At an October 2013 panel, MIT economist Jonathan Gruber, a key architect of the Affordable Care Act, admitted that it was passed by exploiting political ignorance. If voters had known that the law would work by forcing young and healthy people to provide massive new subsidies for the old and sick, he doubts that it could have gotten through Congress:

“[Economist] Mark [Pauly] made a couple of comments that I do want to take issue with, one about transparency in financing and the other is about moving from community rating to risk-rated subsidies. You can’t do it politically. You just literally cannot do it, okay, transparent financing…and also transparent spending.” Gruber said. “In terms of risk-rated subsidies, if you had a law which said that healthy people are going to pay in—you made explicit that healthy people pay in and sick people get money, it would not have passed, okay. Lack of transparency is a huge political advantage. And basically, call it the stupidity of the American voter or whatever, but basically that was really, really critical for the thing to pass…Look, I wish Mark was right that we could make it all transparent, but I’d rather have this law than not.”

What Gruber called “stupidity” is better described as ignorance. Even highly intelligent voters have strong incentives to be rationally ignorant about complex political issues.

This is far from the only deception that played a major role in the passage of Obamacare. Perhaps even more important was President Obama’s now-notorious lie to the effect that “if you like your health care plan, you can keep it.”

In both cases, people who studied the plan carefully could readily tell that the administration’s statements were deceptive. Forcing millions of people to buy more comprehensive and more expensive health insurance plans than they had previously was an important element of the ACA – a feature, not a bug. This was well understood by health care experts on both of sides of the debate over the law, and seized on by opponents early on. But a majority of the public is often ignorant about even simple aspects of the political system, such as which party controls which house of Congress. The problem of political ignorance is exacerbated by the enormous size and complexity of modern government, which makes it difficult for even relatively attentive voters to keep track of more than a small fraction of what the state is doing. Therefore, it isn’t surprising that the administration’s deceptions about Obamacare fooled enough people to ensure its passage.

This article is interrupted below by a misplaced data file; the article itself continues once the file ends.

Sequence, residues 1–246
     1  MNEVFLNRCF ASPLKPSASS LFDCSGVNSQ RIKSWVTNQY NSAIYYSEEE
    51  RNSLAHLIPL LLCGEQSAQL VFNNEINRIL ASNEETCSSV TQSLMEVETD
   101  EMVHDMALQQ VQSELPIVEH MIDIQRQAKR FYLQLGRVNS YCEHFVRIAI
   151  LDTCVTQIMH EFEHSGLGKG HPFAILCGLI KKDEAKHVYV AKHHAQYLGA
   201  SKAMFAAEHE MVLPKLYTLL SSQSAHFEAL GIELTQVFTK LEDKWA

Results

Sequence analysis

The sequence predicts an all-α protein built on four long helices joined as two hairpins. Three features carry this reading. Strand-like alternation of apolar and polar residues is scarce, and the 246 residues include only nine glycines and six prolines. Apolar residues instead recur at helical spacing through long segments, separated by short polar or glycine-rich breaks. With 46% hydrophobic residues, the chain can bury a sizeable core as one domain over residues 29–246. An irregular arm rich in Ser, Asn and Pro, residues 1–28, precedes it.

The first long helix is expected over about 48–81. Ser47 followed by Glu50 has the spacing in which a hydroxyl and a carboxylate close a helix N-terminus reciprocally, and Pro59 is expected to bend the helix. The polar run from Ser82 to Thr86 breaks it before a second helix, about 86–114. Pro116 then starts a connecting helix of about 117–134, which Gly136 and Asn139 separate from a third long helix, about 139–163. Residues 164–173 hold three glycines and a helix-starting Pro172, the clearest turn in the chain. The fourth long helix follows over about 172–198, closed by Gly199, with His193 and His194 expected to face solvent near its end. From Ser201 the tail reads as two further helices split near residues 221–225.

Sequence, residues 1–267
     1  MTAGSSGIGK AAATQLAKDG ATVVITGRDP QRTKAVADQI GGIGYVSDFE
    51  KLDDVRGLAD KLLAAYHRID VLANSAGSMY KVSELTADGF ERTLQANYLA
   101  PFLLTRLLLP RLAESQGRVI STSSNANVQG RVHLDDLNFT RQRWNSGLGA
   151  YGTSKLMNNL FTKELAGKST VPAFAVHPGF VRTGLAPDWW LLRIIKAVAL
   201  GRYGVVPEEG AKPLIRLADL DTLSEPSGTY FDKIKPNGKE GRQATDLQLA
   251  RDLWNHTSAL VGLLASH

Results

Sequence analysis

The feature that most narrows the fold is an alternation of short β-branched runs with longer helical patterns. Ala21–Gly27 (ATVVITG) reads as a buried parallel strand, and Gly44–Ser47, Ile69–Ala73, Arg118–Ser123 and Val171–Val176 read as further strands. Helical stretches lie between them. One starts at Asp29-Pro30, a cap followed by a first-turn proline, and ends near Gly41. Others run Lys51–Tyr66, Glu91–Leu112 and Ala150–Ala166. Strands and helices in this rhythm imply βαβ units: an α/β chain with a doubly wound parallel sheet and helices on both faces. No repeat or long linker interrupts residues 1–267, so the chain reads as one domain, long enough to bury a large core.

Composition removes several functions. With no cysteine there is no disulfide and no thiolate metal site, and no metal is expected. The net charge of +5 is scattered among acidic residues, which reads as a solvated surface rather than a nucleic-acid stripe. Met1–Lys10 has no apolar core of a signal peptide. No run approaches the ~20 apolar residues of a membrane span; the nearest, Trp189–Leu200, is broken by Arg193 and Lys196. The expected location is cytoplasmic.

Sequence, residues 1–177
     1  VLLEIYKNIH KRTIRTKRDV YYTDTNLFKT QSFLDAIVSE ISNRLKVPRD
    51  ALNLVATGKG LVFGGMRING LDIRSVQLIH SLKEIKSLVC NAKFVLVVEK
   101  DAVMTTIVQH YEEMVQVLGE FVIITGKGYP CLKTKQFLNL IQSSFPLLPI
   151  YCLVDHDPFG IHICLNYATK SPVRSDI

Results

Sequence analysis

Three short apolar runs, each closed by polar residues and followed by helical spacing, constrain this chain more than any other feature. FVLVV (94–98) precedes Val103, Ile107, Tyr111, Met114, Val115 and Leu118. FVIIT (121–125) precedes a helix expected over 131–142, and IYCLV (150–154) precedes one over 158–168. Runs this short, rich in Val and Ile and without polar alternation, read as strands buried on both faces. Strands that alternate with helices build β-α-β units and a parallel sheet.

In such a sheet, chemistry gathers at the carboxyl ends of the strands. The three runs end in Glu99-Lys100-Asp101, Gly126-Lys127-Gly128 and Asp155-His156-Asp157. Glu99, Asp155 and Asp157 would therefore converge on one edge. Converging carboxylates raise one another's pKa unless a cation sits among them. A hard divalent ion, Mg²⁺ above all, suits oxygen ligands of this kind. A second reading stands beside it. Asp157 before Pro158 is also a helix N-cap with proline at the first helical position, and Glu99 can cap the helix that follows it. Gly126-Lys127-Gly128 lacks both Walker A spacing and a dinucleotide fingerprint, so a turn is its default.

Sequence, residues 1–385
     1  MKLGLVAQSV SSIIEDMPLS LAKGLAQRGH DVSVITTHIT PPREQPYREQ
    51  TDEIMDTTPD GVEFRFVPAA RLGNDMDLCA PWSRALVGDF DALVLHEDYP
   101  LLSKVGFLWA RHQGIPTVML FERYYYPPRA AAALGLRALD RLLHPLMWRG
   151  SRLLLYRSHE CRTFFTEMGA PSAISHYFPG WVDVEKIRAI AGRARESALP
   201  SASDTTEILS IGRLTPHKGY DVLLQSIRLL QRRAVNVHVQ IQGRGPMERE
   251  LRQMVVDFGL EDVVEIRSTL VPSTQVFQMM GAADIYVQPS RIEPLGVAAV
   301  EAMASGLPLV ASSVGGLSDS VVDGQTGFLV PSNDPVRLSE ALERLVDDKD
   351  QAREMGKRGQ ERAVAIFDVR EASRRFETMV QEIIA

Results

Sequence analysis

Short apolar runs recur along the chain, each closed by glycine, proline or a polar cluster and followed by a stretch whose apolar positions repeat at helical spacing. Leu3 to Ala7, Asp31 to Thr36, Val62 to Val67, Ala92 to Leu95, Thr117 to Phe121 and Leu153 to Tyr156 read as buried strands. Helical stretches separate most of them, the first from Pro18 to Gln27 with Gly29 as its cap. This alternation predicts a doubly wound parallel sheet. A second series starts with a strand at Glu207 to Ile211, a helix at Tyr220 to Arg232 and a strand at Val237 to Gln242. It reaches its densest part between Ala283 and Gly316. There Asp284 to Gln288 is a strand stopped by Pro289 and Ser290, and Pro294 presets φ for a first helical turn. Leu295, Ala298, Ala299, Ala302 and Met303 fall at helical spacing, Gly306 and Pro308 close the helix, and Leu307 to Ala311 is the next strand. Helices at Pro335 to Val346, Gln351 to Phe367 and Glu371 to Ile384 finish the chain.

It would be a mistake to assume that such exploitation of political ignorance is unique to the Obama administration or to Democrats generally. Conservative Republican politicians and interest groups also often exploit ignorance. Indeed, neither party can afford to abjure this vital political tool. A candidate or party unwilling to manipulate voter ignorance labors at a systematic disadvantage relative to more unscrupulous opponents. Things would be different if voters carefully kept track of political leaders’ claims and punished those who use deception to exploit “the stupidity of the American voter.” But if the public were that well informed about the exploitation of ignorance, there would not be so much ignorance to exploit in the first place.

The underlying problem is not that one party is uniquely unscrupulous, but that both must operate under a structure of incentives created by an electorate that itself has a strong incentive to be ignorant. If we want to change that sad state of affairs, we should consider making more of our decisions in a framework where the incentives are better.

UPDATE: Gruber now says that his 2013 statement was “inappropriate.” Perhaps so. But notice that he does not say it was inaccurate.

UPDATE #2: This post attempts to use my statement that both parties exploit political ignorance as a kind of excuse for the Obama administration’s actions. But the fact that both parties do it does not actually justify either. It merely means that we cannot address the problem by replacing the Democrats with the Republicans or vice versa. The problem is structural and requires a structural fix, such as reducing the size, scope, and complexity of government.